Poking A Hole In The Myth

Is a katana nothing more than a saber from Japan?  Let us examine the evidence.

Katanas!  And some other kinda katana-ey swords.  And it looks like a replica of a movie prop at the 12 o’clock position.

katanas in a pile

Sabers!  And a cutlass.  And three backswords at the top.

sabers in a row

Looks like it may be so, but this is hardly definitive proof.

I’ve heard that sabers are the most common swords on Earth.  Considering all of the extremely cheap samurai swords I’ve seen littering the landscape over the decades, I’d say that this is true only if one considers katanas to be a form of saber.  If you should insist that Japanese style swords are a breed apart, then I would say to say that all those cheap, crappy samurai swords I practically trip over every time I visit a comic book store win the top spot.

cheap swords on display for sale

6 thoughts on “Poking A Hole In The Myth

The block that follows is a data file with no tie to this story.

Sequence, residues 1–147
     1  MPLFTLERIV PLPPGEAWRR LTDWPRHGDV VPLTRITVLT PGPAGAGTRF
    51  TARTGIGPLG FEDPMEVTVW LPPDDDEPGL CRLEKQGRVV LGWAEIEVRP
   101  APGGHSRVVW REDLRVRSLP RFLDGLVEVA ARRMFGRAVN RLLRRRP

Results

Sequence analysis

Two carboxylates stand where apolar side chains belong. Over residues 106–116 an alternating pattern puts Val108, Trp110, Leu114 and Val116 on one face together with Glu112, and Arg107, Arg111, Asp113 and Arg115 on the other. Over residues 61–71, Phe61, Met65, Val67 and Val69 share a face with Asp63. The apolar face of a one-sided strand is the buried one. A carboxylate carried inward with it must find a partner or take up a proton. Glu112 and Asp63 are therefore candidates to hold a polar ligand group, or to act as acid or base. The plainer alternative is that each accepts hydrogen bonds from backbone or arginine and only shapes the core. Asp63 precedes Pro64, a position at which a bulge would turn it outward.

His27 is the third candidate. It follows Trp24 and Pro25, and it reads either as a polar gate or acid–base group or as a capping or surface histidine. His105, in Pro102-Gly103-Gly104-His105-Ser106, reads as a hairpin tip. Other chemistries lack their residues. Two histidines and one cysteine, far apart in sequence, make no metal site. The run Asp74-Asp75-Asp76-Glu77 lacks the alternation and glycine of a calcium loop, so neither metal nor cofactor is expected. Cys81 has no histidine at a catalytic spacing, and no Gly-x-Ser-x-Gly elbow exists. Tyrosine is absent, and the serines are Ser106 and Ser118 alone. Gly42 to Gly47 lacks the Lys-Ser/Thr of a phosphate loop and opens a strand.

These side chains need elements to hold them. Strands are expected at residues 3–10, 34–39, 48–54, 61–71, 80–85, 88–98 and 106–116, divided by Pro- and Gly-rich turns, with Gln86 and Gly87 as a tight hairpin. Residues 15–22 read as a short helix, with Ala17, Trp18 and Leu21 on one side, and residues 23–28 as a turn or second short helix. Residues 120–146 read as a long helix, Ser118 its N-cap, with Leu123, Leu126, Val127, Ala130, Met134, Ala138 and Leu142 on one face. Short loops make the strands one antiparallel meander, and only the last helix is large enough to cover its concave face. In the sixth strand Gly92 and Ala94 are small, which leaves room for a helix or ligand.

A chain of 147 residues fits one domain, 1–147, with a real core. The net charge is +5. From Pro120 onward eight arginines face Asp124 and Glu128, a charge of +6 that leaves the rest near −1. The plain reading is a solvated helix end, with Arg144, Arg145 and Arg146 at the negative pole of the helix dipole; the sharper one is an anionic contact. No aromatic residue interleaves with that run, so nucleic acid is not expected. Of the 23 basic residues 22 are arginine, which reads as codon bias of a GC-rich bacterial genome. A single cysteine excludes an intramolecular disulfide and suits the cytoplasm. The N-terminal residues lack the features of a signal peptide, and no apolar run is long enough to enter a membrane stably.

1. One thing that sabres and katanas have in common is that due to being curved swords they fall under the control of this unfortunate law:


    However, all the nutters, criminals and so on seem to prefer the Japanese swords for their assaults and murders rather than sabres, backswords and the like.

  2. A saber is a one-handed weapon. The grip on it is too small for routine two-handed use.

    A katana is a two-handed weapon, usually. There was a style of fighting used by some where the katana was used with one hand and the wakizashi was used with the other hand, but it was very uncommon. (The wakizashi was the smaller blade of the two-blade “daishou” which identified samurai during most of the Edo period.)

    The blades of a katana and a saber may superficially resemble one another, if you ignore the grip, but the way they were used in fighting was completely different.

    “The Bushido Blade”, an otherwise forgettable film, features a duel between a samurai using a katana and an American naval officer using a saber and it shows very clearly how different the fighting styles were.

  3. A katana is indeed just a two-handed saber; look at a kyū guntō to see.

    Japanese and Western styles of swordsmanship of course have no common roots, although they did develop some similar techniques (there are only so many things that can be done with a piece of sharp steel). Interestingly, use of the katana has more in common with longsword technique than with saber technique, possibly because of the two-handed grip.

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